ADA: Redesigning a Public Men's Bathroom based on ADA Regulations

Universal/accessible design of the home from an occupational therapy and a construction perspective. This blog is part of a quest for cool, convenient, functional design that makes life safer, easier, and as maintenance-free as possible. It's about the lifestyle.
I was recently asked to assist in redesigning a men's public bathroom to be ADA compliant.  Here is where we are beginning:

Existing Men’s Stall-not ADA

Features out of compliance with ADA regulations:

Features not in compliance with ADA regulations for size and arrangement of toilet stalls (4.17.3):

Large men’s bathroom stall:
·      The largest toilet stall is 40” wide x 59” deep, ADA codes states stalls must be 60”x 60” but allow the an exception based on the following: 
ADA 4.17.3:EXCEPTION: In instances of alteration work where provision of a standard stall is technically infeasible or where plumbing code requirements prevent combining existing stalls to provide space, either alternate stall may be provided in lieu of the standard stall. You may want to make sure your project qualifies.
o   The alternate stall can be 36” or 48” in width as long as the stall is 66” deep with a wall mount toilet or 69” deep with a floor mount toilet, per ADA: 4.17.3, Figure 30(b) **See ADA 4.17.3 below.
·      Centerline of toilet needs to be 18” on center from sidewall, currently 25” on center from side wall.
o   Per ADA code 4.17.3 : The centerline of the water closet shall be 18 inches (455 mm) from the side wall.
·      Need grab bar behind toilet because stall is wider than 36”.
·      Sink will need to face door in order to have 30”x 48” clear floor space. 
o   Sink should be wall mounted, 17”-19” deep measured wall to front edge of sink.
o   Sink basin needs to be no more than 7” deep.
o   Counter top height 34”.
o   Insulated pipes.
o   Paddle, infrared, or touch controls.
o   Mirror height 40”.

**ADA compliance code 4.17.3, Figure 30(b):  Two alternate stalls are illustrated; one alternate stall is required to be 36 inches (915 mm) in width. The other alternate stall is required to be a minimum of 48 inches (1220 mm) in width. If a wall mounted water closet is used, the depth of the stall is required to be a minimum of 66 inches (1675 mm). If a floor mounted water closet is used, the depth of the stall is required to be a minimum of 69 inches (1745 mm). The 36 inch wide stall shall have parallel grab bars on the side walls. The 48 inch minimum stall shall have a grab bar behind the water closet and one on the side wall next to the water closet. In each alternate, the centerline of the water closet is 18 inches (455 mm) from a sidewall.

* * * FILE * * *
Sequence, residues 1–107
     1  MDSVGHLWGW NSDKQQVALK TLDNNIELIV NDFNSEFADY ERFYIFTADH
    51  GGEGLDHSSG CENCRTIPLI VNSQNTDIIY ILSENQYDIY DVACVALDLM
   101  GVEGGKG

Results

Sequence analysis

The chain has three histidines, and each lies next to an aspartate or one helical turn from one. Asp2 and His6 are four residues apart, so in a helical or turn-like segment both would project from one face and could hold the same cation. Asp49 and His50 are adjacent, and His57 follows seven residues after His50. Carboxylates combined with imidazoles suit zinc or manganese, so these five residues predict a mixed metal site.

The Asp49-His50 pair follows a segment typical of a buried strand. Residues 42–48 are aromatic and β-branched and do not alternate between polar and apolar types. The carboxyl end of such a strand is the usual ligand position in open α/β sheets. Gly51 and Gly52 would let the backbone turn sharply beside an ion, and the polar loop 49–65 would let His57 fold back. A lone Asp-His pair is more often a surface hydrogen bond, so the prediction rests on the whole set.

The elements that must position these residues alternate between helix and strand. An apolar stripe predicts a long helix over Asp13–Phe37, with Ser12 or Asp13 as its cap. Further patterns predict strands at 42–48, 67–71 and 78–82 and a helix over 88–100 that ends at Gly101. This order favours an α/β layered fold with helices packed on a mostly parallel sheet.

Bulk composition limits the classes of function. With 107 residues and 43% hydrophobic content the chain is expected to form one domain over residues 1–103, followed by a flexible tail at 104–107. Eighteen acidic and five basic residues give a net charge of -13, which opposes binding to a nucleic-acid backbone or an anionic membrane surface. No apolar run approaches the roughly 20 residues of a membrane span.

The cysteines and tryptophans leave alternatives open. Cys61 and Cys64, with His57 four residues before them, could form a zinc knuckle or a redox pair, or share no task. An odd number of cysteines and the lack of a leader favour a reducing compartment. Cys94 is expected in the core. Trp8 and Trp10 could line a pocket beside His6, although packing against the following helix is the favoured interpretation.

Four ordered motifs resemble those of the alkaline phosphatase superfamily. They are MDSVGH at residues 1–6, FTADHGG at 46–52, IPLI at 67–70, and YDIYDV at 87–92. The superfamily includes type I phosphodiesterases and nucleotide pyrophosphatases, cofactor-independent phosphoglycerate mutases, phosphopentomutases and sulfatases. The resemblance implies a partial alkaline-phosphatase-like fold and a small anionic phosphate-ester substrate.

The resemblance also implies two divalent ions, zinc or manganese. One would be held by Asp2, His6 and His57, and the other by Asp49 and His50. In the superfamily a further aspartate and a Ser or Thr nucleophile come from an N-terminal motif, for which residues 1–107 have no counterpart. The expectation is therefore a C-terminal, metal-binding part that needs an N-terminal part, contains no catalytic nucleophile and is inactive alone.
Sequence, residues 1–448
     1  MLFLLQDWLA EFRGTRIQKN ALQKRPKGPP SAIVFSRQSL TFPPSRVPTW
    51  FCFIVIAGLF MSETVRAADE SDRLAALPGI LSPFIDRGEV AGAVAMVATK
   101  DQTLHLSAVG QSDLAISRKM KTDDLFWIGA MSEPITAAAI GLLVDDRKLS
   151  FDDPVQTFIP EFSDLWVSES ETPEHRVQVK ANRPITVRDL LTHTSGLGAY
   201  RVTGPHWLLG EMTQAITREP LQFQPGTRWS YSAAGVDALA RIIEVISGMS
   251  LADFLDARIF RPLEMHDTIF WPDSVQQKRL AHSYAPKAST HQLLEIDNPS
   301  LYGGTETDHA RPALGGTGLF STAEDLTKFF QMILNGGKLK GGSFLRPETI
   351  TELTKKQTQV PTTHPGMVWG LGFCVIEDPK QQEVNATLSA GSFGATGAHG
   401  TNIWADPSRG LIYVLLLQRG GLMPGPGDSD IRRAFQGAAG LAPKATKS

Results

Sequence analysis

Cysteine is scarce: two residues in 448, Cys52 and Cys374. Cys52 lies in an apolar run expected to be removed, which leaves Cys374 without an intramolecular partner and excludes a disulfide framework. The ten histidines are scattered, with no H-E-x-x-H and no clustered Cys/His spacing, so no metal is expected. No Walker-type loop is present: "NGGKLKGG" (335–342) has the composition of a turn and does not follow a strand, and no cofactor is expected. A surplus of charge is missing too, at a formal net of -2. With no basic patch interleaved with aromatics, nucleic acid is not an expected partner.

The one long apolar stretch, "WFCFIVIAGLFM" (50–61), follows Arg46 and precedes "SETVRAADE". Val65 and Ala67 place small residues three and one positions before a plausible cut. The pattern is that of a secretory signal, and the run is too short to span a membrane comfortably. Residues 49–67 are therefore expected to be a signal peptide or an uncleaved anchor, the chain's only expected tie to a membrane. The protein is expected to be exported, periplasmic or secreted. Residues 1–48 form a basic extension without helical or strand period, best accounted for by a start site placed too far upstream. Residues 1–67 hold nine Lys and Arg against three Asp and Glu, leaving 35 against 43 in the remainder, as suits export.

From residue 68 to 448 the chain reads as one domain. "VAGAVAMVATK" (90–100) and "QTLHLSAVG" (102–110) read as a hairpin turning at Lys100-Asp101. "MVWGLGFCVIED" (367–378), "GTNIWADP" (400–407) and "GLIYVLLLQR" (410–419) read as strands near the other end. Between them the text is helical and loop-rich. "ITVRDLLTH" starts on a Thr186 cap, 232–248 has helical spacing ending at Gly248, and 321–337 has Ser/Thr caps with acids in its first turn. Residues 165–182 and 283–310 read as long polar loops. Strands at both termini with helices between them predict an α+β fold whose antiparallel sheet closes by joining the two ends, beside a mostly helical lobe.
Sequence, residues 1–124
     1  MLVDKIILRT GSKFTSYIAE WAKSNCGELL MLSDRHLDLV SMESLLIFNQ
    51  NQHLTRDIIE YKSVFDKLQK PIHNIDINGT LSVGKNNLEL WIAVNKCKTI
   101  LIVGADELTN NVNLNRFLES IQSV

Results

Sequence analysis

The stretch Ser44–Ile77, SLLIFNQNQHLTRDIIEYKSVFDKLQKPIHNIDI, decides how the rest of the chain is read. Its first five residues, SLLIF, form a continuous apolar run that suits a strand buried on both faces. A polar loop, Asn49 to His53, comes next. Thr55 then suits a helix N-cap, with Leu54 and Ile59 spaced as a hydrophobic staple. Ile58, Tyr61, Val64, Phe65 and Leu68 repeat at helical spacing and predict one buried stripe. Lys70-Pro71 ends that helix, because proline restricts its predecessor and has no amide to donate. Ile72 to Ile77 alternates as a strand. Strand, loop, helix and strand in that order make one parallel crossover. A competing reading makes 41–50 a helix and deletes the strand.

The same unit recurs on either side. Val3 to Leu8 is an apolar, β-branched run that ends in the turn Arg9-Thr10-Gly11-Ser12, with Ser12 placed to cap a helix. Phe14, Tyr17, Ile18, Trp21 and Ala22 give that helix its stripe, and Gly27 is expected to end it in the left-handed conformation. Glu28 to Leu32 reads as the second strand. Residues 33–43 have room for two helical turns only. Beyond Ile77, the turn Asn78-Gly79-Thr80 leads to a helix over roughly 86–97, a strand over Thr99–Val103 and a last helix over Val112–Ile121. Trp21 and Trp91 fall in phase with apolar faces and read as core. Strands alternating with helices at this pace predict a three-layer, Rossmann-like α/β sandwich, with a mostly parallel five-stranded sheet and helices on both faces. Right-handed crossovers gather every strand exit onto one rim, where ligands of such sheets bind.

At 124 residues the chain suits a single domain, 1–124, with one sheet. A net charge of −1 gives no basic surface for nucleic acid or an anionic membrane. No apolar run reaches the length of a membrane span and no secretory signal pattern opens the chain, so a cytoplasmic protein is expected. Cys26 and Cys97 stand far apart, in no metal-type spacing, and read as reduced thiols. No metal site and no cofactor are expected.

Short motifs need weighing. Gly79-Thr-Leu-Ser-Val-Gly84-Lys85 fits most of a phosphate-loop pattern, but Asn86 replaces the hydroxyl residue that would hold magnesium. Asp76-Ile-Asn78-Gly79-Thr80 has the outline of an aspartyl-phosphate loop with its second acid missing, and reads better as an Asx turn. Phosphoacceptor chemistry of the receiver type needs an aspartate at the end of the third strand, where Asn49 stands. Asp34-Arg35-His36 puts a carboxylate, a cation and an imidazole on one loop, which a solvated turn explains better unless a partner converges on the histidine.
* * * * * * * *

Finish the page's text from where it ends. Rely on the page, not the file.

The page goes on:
Features in compliance with ADA code-men’s bathroom stall:
·      Required 48” turn space in front of large stall.

Urinal Stall:  I’m not sure if the urinal stall needs to in compliance with ADA code if you already have an ADA code compliant toilet stall.  The only thing I could find stating if urinals are a required element of a men’s bathroom is ADA code 4.23.5 Urinals. If urinals are provided, then at least one shall comply with 4.18.  Code 4.18 only specifies requirements for positioning the urinal, floor space, controls, etc.

Features not in compliance with ADA code- urinal stall:
·      Need a minimum 36”x 48” space for a wheelchair to make a 90-degree turn into the urinal stall.  I can’t tell from the drawing, if you have a 36” space between the edge of the sink and the end of the stall you are set, if not the urinal is not considered accessible. 
o   ADA code:  4.3.3 figure 7a:  A U-turn around an obstruction less than 48 inches (1220 mm) wide may be made if the passage width is a minimum of 42 inches (1065 mm) and the base of the U-turn space is a minimum of 48 inches (1220 mm) wide.
Other recommendation:
·      Swing exterior door out of bathroom, or at the very least change hinge side to other side so that when the door is opened it doesn’t block the bathroom stalls.
·      Note:  Toilet stall doors may not swing into the stalls.

 It is my understanding that you don't need an accessible urinal if the bathroom stall is accessible but as with everything else the ADA regulations are open to interpretation and all plans should be approved by the local building official to ensure compliance.

Anyone else have a project or a suggestion?  It's always good fun to work together, please let us know your thoughts. :-)

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